The Technique to Communicate Constructive Criticism at Wor
We are continuously offering and receiving feedback in our personal and professional lives. Some criticism is subtle, often unnoticed, and some is proactive. The ability to receive and give constructive feedback is a necessary skill for developing meaningful social interactions.
It is no longer enough to guide oneself as a leader or partner. It also serves as a guide for others. This means you'll have to have more difficult conversations than ever before. To assist your direct reports in being productive, favorable, and delivering the work required to meet your group goals, you must be a master communicator and provide them with the feedback they need to grow. All of this must be done with good intentions and the goal of establishing trust. Your interpersonal relationships will be critical to your capacity to obtain influence, drive people, and thrive in your role.
Constructive criticism can help us by guiding us, motivating us, reinforcing effective behaviors, and decreasing ineffective behaviors. Let's look at some ways to improve the way we provide and accept constructive feedback.
1. Giving Constructive Feedback Before you give someone feedback, make sure you're doing it for the correct reason: to help them grow and improve. Instead of delivering comments, consider a self-reflection session if you are in a foul mood or trying to make yourself powerful. If you're doing it for the correct reasons, use these techniques to ensure that the person gets the most out of your comments.
- Be specific and attainable
Using precise, thorough examples assists the receiver in developing a firm knowledge of the problem and the behaviors that must be changed or maintained. Furthermore, when you are precise, the dialogue focuses on the specific problem or scenario that has to be addressed.
- Determine the best time
Untimely feedback can be misconstrued. The sooner you provide feedback, the sooner the individual can modify their behavior. However, it can be beneficial to refrain from providing critique on the spot, especially if you are in a group. Wait until you can chat to the person one-on-one, then select a quiet area and make it as comfortable for both of you as possible.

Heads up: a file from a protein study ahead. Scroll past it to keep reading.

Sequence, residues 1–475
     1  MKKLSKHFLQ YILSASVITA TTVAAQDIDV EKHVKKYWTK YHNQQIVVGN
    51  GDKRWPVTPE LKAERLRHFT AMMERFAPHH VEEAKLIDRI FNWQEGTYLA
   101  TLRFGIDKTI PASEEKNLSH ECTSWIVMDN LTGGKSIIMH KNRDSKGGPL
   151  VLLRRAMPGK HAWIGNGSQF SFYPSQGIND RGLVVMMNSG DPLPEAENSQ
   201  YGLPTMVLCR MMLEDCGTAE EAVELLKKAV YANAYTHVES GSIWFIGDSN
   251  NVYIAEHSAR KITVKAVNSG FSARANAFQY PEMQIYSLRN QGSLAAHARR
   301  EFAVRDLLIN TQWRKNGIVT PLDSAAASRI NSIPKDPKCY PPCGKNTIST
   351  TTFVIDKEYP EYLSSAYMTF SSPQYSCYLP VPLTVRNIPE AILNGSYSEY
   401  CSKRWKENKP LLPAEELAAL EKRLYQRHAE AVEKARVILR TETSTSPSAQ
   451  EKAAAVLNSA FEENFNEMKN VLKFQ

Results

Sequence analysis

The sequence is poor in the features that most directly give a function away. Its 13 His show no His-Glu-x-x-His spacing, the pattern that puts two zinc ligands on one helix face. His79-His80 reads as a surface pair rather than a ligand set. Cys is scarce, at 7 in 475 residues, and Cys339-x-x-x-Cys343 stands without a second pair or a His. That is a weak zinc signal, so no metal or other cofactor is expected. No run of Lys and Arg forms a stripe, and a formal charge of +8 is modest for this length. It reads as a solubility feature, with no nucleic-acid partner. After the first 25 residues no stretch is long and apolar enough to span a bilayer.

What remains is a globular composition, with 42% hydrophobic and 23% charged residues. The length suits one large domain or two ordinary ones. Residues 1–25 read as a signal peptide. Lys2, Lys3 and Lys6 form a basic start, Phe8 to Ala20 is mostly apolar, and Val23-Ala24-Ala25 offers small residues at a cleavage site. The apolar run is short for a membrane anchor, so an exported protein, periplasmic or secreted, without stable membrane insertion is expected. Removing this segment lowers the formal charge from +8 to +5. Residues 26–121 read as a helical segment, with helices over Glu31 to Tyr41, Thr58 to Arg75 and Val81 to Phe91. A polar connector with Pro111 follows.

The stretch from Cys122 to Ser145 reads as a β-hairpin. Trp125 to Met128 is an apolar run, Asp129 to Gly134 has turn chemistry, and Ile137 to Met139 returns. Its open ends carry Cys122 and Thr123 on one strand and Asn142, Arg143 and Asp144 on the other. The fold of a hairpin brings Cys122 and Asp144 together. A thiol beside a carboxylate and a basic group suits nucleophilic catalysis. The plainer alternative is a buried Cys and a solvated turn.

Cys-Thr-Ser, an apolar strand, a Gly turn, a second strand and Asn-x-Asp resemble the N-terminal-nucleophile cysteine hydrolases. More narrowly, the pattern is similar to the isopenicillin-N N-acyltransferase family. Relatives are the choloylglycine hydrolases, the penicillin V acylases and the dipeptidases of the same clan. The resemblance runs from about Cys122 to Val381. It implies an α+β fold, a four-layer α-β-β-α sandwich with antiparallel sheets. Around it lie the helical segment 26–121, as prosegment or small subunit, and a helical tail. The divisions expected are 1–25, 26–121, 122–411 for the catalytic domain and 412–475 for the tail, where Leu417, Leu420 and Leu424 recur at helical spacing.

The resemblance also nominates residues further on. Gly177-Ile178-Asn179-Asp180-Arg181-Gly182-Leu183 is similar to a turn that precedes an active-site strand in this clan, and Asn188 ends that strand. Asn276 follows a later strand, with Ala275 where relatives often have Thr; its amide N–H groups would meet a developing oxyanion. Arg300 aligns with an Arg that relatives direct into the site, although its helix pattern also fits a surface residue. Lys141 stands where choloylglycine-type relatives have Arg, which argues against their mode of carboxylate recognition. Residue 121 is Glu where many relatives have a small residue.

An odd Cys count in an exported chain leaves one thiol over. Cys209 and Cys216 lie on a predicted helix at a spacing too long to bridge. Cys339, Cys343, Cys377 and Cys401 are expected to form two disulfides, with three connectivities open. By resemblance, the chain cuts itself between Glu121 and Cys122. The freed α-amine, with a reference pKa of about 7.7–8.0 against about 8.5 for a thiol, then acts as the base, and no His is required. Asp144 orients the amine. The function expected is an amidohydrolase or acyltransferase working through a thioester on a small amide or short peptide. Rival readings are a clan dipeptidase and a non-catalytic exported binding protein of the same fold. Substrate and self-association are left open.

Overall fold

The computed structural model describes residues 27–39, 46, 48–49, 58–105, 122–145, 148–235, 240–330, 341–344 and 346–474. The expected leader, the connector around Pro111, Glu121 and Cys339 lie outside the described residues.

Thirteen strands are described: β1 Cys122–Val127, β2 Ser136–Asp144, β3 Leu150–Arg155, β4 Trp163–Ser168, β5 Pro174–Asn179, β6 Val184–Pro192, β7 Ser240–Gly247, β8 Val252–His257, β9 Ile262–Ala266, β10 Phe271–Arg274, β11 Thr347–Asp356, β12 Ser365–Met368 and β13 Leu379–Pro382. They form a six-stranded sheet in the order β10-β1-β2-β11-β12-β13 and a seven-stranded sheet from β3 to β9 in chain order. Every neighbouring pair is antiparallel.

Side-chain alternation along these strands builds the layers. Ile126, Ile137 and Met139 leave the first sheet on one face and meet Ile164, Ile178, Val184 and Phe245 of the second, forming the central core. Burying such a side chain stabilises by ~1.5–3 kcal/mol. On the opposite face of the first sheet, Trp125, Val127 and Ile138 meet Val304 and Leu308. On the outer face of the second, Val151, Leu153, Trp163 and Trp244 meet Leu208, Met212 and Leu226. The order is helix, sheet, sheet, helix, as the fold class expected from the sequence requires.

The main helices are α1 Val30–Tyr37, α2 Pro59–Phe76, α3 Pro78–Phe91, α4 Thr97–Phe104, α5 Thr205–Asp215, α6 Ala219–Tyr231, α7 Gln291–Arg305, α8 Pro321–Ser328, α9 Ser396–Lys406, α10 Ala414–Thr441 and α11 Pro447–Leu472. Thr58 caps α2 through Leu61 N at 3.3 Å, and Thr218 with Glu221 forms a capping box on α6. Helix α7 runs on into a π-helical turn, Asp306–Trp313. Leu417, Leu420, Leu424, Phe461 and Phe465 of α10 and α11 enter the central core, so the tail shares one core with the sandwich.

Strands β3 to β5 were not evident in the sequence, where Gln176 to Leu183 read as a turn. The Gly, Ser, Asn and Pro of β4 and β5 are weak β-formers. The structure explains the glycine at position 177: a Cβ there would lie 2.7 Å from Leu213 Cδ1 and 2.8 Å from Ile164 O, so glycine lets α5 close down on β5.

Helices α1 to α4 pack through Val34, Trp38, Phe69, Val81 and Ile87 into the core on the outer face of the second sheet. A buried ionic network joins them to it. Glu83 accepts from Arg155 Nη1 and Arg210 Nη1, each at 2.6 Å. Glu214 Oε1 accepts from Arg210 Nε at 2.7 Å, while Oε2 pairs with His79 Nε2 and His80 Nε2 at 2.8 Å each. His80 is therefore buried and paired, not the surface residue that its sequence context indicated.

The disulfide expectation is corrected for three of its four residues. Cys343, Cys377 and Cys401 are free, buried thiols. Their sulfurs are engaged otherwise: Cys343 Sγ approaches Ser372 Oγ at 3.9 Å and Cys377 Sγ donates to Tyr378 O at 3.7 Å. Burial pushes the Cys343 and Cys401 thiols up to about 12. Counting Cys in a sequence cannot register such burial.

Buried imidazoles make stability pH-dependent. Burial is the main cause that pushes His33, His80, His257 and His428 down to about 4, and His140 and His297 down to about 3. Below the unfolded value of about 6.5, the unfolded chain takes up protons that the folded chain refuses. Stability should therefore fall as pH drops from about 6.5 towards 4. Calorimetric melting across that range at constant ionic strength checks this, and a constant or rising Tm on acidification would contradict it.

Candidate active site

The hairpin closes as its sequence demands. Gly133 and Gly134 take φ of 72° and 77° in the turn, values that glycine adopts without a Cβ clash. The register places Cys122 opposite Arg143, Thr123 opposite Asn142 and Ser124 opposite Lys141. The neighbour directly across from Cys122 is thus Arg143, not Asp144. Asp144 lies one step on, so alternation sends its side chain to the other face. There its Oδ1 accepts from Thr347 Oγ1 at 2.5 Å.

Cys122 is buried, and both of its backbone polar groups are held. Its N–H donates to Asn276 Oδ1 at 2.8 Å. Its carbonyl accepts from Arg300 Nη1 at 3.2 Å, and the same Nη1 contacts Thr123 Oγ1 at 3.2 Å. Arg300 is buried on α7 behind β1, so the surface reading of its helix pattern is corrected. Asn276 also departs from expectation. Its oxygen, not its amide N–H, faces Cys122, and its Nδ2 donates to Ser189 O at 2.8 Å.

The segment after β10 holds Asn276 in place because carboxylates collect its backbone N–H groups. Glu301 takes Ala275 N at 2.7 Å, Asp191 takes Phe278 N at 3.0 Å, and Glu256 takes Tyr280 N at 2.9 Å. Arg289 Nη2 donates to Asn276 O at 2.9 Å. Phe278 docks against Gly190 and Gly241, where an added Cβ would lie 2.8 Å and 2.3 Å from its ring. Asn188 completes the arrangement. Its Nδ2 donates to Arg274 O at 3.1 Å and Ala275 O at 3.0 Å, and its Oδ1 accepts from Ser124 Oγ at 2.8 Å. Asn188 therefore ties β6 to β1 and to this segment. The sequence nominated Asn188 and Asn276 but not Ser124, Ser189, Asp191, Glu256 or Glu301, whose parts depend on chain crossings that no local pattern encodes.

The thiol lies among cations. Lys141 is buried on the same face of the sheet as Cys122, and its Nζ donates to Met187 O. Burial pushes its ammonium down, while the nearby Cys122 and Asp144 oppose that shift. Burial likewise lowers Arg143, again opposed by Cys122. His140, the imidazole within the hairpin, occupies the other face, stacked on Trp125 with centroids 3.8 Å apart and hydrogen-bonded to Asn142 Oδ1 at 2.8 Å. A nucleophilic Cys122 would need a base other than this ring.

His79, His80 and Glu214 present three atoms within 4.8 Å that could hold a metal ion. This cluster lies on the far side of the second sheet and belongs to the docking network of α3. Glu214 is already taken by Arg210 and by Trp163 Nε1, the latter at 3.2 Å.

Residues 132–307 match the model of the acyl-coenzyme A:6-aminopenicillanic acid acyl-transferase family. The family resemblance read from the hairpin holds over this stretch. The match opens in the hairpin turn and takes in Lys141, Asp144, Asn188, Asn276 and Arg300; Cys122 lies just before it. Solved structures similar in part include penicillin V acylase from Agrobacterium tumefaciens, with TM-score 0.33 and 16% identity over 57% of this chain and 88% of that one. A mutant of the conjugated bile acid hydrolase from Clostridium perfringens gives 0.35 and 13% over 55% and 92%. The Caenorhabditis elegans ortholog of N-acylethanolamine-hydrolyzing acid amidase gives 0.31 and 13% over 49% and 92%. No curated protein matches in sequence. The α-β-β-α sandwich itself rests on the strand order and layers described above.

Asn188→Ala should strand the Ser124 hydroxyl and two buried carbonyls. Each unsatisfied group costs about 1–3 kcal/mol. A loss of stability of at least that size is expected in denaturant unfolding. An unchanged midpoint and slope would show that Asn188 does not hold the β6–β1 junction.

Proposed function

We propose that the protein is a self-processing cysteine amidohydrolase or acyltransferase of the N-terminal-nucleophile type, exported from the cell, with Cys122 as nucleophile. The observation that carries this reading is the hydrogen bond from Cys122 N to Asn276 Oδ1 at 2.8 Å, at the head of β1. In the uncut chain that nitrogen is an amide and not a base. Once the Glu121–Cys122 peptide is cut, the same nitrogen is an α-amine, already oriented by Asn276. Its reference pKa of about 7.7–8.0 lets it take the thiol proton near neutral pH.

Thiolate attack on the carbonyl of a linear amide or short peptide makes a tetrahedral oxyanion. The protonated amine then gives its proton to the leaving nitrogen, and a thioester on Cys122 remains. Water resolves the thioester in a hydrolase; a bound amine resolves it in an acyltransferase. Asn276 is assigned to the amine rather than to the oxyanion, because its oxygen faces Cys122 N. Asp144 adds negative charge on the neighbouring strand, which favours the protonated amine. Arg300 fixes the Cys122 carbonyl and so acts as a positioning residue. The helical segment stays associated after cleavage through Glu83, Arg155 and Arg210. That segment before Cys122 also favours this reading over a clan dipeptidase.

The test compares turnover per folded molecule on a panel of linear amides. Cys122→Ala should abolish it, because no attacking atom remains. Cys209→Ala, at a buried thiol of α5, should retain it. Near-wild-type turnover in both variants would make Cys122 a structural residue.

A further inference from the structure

- Concentrate on the behavior
Don't pass judgment on the individual. The main thing is to simply address how you feel or what you like or dislike and to avoid speaking for others or expressing your view on their intentions. For example, you could tell the person that something they did or said made you feel a specific way.
- The feedback should be balanced
Some refer to it as the sandwich strategy. The idea is not to sugarcoat your feedback, but to remind the person that you value them and are taking the time to provide criticism. This is also an excellent moment to highlight what they should continue to do.
- Provide assistance
Criticism cannot be constructive if alternative behaviors are not offered and the individual is not supported in the long run. Feedback is an ongoing process. Make yourself available to assist and notify them when you detect progress.
2. Receiving Constructive Feedback If you are frequently giving feedback but not receiving any, you may have developed a wall around yourself that makes it difficult for others to share constructive criticism with you. So the first step is to seek comments from others.
- Recognize that constructive feedback is beneficial to you
Sure, confronting your weaknesses head-on will be unpleasant, but this person is also providing you with a crucial service by guiding you to a solution. Many times, we already know what the problem is, but hearing it from someone else's mouth is frequently the kick in the pants we need to finally take action. As your career progresses, you will begin to solicit constructive criticism on a frequent basis!
- Listen carefully and ask questions to learn how you might improve
Most crucial, pay close attention to the input you receive. Take notes if necessary. Refrain from making an excuse or asking a question until the person has finished speaking.
When they're finished, try to describe the problem they've discovered out loud and ask clarifying questions. If the problem is real—and, let's be honest, it usually is—try to comprehend its breadth and how you can solve it together.
- After your feedback session, devise a strategy and put it into action
This entails reviewing the information supplied, articulating the problem, and devising a plan to proactively improve or remedy the situation. Before implementing your strategy, discuss it with your manager or whoever provided comments to determine if it can be improved. Get started as soon as your plan is complete!
Source: Nesslabs, Jostle, Energy Resourcing